*** UPDATE ***. A motion to reconsider was passed, Trotter withdrew his poison pill amendments and a “clean” bill has passed.
- End of update -
* Illinois Review…
It could soon cost $200 for kids to set up a lemonade stand, have a bake sale or sell cupcakes in Illinois.
“This is absolutely insane!” State Senator Jim Oberweis (R-Aurora) said at a Capitol press conference Friday. “Somebody in Madison County went crazy and decided to enforce a law against an 11 year old kid who was baking cupcakes. That was a mistake, but it happened.”
In the House, the little girl Oberweis referred to - Chloe Stirling of Troy’s State Representative Charlie Meier tried to do the right thing by introducing a law that would help those in her situation and exempt up to $1000 in sales.
“Then what happened? It came to the Senate… We ‘Illinois-ized’ the bill - doing things the way we do in Illinois, which is everything we can to discourage entrepeneurism to discourage business interests,” Oberweis told reporters. […]
[Sen. Donne Trotter] amended the bill to require anyone selling food products to take an 8 hour food service sanitation course costing $145, obtain a county health department permit costing $25, label the food products to indicate ingredients and the fact that they are homemade, plus another $35 fee.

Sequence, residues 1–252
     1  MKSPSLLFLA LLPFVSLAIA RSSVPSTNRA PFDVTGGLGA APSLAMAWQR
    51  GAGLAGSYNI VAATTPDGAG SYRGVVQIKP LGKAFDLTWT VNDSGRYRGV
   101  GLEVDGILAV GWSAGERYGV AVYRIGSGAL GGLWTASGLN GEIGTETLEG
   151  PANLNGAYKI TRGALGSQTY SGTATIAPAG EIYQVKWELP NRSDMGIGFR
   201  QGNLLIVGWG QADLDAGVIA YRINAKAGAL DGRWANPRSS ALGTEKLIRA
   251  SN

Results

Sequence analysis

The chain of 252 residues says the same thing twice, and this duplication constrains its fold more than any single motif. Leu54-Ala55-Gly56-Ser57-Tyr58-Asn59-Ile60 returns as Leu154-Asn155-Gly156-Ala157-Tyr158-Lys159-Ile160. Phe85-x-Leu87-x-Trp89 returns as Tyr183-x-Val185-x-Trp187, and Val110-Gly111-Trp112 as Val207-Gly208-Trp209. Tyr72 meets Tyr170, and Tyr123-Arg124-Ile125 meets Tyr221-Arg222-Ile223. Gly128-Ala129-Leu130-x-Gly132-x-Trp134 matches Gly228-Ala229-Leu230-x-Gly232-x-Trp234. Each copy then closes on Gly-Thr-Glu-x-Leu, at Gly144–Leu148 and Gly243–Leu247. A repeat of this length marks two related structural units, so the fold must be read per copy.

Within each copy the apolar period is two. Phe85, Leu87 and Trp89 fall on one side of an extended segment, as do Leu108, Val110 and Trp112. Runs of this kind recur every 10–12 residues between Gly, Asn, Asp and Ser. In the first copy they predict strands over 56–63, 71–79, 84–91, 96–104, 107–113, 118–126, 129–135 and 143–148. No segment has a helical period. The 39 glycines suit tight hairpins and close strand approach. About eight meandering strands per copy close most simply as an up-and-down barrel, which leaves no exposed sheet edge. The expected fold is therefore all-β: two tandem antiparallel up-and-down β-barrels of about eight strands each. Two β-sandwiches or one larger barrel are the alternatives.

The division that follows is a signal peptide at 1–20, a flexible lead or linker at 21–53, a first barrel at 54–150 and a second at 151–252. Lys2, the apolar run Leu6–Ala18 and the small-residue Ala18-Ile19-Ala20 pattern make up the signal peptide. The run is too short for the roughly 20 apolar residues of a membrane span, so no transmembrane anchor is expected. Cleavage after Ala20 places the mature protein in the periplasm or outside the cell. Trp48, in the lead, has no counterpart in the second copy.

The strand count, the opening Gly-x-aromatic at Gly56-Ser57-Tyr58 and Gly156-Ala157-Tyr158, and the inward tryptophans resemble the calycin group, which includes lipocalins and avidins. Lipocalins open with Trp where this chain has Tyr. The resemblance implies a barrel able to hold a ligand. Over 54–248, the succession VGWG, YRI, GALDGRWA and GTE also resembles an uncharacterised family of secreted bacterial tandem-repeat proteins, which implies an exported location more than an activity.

* As expected, the amendment sank the bill today…
(B)y a 17-32 vote, with six members voting present, state senators killed the legislation, sponsored by Sen. Donne Trotter, D-Chicago, arguing it went too far and was unduly burdensome for children like Stirling wanting to make a few bucks off selling cupcakes or cookies on their driveways. […]
“This may sound like a silly thing known as the ‘cupcake girl’ bill, but this goes to the heart of what goes on in Springfield,” Oberweis said. “It’s an example of how we are Illinoizing, killing, entrepreneurship among kids.”
Trotter, however, defended the principle behind his legislation.
“It sounds good to talk about all these things — that we’re stifling entrepreneurship,” he said. “No, we’re actually encouraging it the right way. There are laws that have to be adhered to when you sell to the public. There are things we must be cognizant of, and that is the allergies or the other things that will impact other individuals’ health. That’s the job of public health.”